Vermouth: Dusty No More

Before quality commercial vermouths were widely available, industrious bartenders like Taste’s Ted Kilgore made their own. Now, other burgeoning bartenders around town are trying their hands at house-made versions of the fortified wine, putting another notch on their craft cocktail belts.

Five months ago, T.S. Ferguson began preparing blanc (dry white) and rouge (sweet red) vermouths at Medianoche, the evenings-only restaurant in Clayton that was recently replaced by another, Little Country Gentleman. While Ferguson was influenced by France and Italy – the originators of vermouth – he noted that he is trying to use his own flavors to create his own style. “Most people shy away from the V word because it’s too many dusty bottles on the bar,” he explained. “Cocchi [Americano], Antica Formula, Barolo Chinato: They are so embedded in ancient tradition that they don’t pay homage to the modern palate or style of modern cocktail making … Why use 200-year-old recipes?”

Then, there’s the L Word. “Why not have a local product that is on par or better than the stuff sold in the stores?” he questioned. “The vermouth I make is pretty solid. I can alter the recipe depending on what I am doing. I can make a summery vermouth, fall vermouth, wintery vermouth. It gives me complete control.” As head barman at Little Country Gentleman, Ferguson is now offering his house-made vermouth in cocktails like No. 1, where it works in harmony with rye whiskey, Green Chartreuse, Calvados, Luxardo Fernet and Creole bitters.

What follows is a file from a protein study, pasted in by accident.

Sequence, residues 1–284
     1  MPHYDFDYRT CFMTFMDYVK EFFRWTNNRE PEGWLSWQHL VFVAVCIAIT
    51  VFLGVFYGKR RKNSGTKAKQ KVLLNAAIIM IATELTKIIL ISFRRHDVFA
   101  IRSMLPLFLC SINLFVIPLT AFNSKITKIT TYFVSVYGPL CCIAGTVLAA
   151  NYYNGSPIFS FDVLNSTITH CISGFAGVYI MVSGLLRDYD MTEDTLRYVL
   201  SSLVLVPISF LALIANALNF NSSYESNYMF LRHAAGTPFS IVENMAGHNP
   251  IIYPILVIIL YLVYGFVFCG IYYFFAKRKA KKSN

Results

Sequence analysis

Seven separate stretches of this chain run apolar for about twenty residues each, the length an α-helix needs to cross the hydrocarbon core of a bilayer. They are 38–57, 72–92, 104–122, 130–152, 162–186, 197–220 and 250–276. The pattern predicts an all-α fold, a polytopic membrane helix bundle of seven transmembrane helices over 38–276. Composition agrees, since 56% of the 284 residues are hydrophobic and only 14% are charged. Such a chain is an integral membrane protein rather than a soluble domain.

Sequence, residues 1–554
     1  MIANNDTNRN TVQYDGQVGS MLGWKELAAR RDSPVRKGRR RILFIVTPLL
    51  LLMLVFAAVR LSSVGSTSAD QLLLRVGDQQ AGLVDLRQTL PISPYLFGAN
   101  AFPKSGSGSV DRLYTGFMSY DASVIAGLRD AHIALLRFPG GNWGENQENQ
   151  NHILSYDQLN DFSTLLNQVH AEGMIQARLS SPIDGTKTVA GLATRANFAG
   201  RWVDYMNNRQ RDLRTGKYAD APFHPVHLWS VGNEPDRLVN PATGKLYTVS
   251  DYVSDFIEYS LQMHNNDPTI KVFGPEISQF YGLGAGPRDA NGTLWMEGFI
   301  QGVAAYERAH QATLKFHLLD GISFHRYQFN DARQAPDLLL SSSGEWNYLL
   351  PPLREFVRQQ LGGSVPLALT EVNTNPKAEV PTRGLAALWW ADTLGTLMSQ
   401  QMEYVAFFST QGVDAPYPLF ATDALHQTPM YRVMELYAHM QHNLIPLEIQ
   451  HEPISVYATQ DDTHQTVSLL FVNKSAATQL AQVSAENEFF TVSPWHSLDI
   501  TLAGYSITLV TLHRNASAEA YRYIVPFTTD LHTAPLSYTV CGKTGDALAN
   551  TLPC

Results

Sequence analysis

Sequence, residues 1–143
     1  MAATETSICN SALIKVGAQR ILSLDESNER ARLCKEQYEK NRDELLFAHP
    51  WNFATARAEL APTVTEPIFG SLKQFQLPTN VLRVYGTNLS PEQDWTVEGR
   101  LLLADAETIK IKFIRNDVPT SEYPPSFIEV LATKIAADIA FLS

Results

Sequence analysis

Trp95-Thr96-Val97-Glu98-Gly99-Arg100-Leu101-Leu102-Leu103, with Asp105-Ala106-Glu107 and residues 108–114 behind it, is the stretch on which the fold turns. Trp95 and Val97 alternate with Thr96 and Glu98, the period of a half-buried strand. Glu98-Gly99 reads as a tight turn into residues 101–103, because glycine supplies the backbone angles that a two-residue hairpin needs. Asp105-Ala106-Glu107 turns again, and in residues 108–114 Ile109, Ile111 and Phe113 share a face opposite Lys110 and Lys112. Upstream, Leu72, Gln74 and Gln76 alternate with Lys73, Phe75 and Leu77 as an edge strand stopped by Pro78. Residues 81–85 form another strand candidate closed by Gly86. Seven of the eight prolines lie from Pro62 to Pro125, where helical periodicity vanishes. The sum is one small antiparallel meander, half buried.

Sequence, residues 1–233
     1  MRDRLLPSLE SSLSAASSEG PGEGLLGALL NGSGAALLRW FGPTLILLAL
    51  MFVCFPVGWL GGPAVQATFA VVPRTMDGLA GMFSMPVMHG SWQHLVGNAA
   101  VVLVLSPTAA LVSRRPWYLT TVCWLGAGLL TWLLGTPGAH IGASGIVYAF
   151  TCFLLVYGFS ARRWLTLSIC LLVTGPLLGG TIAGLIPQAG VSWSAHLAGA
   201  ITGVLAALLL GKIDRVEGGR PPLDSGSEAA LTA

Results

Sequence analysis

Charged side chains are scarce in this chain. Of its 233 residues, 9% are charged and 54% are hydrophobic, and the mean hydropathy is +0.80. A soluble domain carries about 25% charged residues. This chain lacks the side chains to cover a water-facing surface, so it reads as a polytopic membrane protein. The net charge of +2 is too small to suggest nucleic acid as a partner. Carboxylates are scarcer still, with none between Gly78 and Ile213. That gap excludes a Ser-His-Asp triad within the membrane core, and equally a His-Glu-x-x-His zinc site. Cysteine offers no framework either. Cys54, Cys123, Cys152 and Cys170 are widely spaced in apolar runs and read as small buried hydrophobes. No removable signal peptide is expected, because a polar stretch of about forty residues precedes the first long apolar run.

Ferguson’s desire to offer apertifs that both fit within a 21st-century context and meet the demands for all things local epitomizes the recent growth of the domestic vermouth market. Artisanal U.S.-born vermouths like Imbue and Vya now sit on shelves at bar and liquor stores, with a handful more coming down the pipeline.

But Ferguson isn’t the only one itching to fiddle with a vermouth formula. This summer, Cory Cuff began making experimental batches of dry and sweet blanc, with hopes of soon serving them at Cielo. Why go through the trouble? “To push myself,” responded Cuff. “It’s for my development – and this bar’s development. This is the next step.”

Justin Cardwell echoed a similar sentiment regarding the house-made sweet rouge he’s working on to soon appear in cocktails at BC’s Kitchen in Lake St. Louis, where he is the bar manager. “There are such well-made vermouths nowadays and aggressive pricing that make it almost inessential to have a house-made vermouth, especially when you have multiple styles and structures at your disposal. It’s something for the burgeoning bartender to learn the structure and technique and history.”